On Friday, the Myanmar Accountability Project, a London-based rights group, accused junta chief Senior Gen. Min Aung Hlaing of crimes against humanity before the International Criminal Court. The group said it submitted “clear evidence” that the use of torture in Myanmar is “widespread, systematic and the result of state-wide policies.”
Myanmar was brought before the International Court of Justice, a different global institution, in 2019, when it was accused of genocide against the Rohingya Muslim ethnic minority. The country, also known as Burma, was defended at The Hague by civilian leader Aung San Suu Kyi, precipitating her fall from grace as a onetime symbol of human rights. The military has since silenced Suu Kyi, placing her under house arrest on spurious charges such as violating COVID-19 rules.
Myanmar has largely ignored the International Criminal Court’s order to protect the Rohingya from genocide. Still, rights groups say opportunities may exist in the future should the government fall, similar to the way former Serbian leader Slobodan Milosevic stood trial at The Hague for war crimes.
“Rigorously documenting abuses in forensic detail is essential if there are ever to be guilty verdicts,” said Chris Gunness, director of the Myanmar Accountability Project. “For universal jurisdiction to be applied, or for international justice mechanisms to kick in, it doesn’t matter if a regime cares or not. They can still be held to account.”
Aung Myo Min, minister for human rights for the civilian National Unity Government, whose members are in hiding, said it was critical that international rights groups continued to document the junta’s abuses.
“Myanmar’s legal system has been destroyed,” he said. “We only have international law to punish them for their crimes.”
Months after the Feb. 1 coup, citizens are fighting back against Myanmar’s brutal military. Many say international pressure has yielded no results.
The growing resistance to military rule — from long-established ethnic rebel groups and newly formed civilian groups known as the People’s Defense Force made up of ethnic majority Bamar — guarantees more bloodshed and brutality, analysts say.
The military, known as the Tatmadaw, has spent the last six decades waging war with striking savagery on those who challenge its authority.
“Atrocities have always been an integral part of the military’s counterinsurgency operations, which are intended not only to target rebels but also terrorize the communities that support them,” said Richard Horsey, an analyst on Myanmar at the International Crisis Group. “Troops don’t need to be told to do these things, it’s in the military culture.”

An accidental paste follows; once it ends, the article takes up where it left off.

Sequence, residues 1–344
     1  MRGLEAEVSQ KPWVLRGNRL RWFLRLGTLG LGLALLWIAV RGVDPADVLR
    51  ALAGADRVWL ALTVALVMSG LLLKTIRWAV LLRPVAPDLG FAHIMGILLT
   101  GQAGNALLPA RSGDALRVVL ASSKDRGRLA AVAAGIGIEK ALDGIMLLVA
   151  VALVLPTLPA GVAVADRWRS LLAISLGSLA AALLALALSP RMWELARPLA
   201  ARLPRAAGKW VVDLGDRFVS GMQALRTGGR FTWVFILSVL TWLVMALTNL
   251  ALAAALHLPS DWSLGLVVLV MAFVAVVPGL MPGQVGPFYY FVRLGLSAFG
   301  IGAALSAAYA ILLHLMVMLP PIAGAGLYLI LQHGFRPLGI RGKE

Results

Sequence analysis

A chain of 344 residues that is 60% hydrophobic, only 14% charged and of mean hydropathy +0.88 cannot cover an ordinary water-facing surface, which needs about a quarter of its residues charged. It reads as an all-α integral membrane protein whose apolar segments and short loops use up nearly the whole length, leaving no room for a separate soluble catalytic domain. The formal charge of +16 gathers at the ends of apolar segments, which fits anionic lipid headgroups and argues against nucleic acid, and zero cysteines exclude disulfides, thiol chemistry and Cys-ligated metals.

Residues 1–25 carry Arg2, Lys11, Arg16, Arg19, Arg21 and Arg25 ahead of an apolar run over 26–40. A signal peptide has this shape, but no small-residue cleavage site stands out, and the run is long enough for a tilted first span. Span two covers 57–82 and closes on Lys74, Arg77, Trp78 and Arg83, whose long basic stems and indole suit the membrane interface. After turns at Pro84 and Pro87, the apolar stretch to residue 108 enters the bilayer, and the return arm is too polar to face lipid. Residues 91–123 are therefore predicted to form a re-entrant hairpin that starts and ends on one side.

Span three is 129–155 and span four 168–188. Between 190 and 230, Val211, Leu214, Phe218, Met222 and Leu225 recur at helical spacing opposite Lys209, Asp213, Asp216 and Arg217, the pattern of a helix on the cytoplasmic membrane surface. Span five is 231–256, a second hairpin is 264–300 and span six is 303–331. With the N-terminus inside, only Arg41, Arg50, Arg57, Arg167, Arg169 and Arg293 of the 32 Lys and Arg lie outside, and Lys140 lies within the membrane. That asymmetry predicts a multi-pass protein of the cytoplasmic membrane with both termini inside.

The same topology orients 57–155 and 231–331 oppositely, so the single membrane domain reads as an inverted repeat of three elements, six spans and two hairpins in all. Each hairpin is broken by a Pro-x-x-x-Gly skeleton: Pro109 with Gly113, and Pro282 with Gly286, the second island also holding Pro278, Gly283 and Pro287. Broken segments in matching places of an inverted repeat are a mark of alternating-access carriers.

Ko Sithu, the teacher in Don Taw, thought soldiers had come to clear land mines when they approached his village the morning they burned the 11 people.
He was sitting at a tea shop around 7 a.m. when he saw about 100 soldiers on foot followed by two military trucks. The soldiers began shooting toward the village. Ko Sithu fled for cover. No more than 10 minutes later, he saw smoke rising in the distance.
When he returned in the afternoon after the soldiers had left, he saw the remains of the burned victims. They were students and betel farmers.
“We are not sure whether all of them were tied up or not, but we are sure that at least two or three people were tied,” said Ko Sithu, 35. “Some of them looked like they struggled a lot to escape.”
A body of a woman with a gunshot wound to the head was also found near the scene.
Buddhist funerals were held for all the victims the next day. Ko Sithu said none were fighters, but most of them were mistaken for members of the People’s Defense Force because of their youth.
“The military should know that the people will never be afraid of them,” he said. “These atrocities only make them angrier and more willing to fight.”
Times staff writer Pierson reported from Singapore and special correspondent Kyaw Hsan Hlaing from Bangkok, Thailand.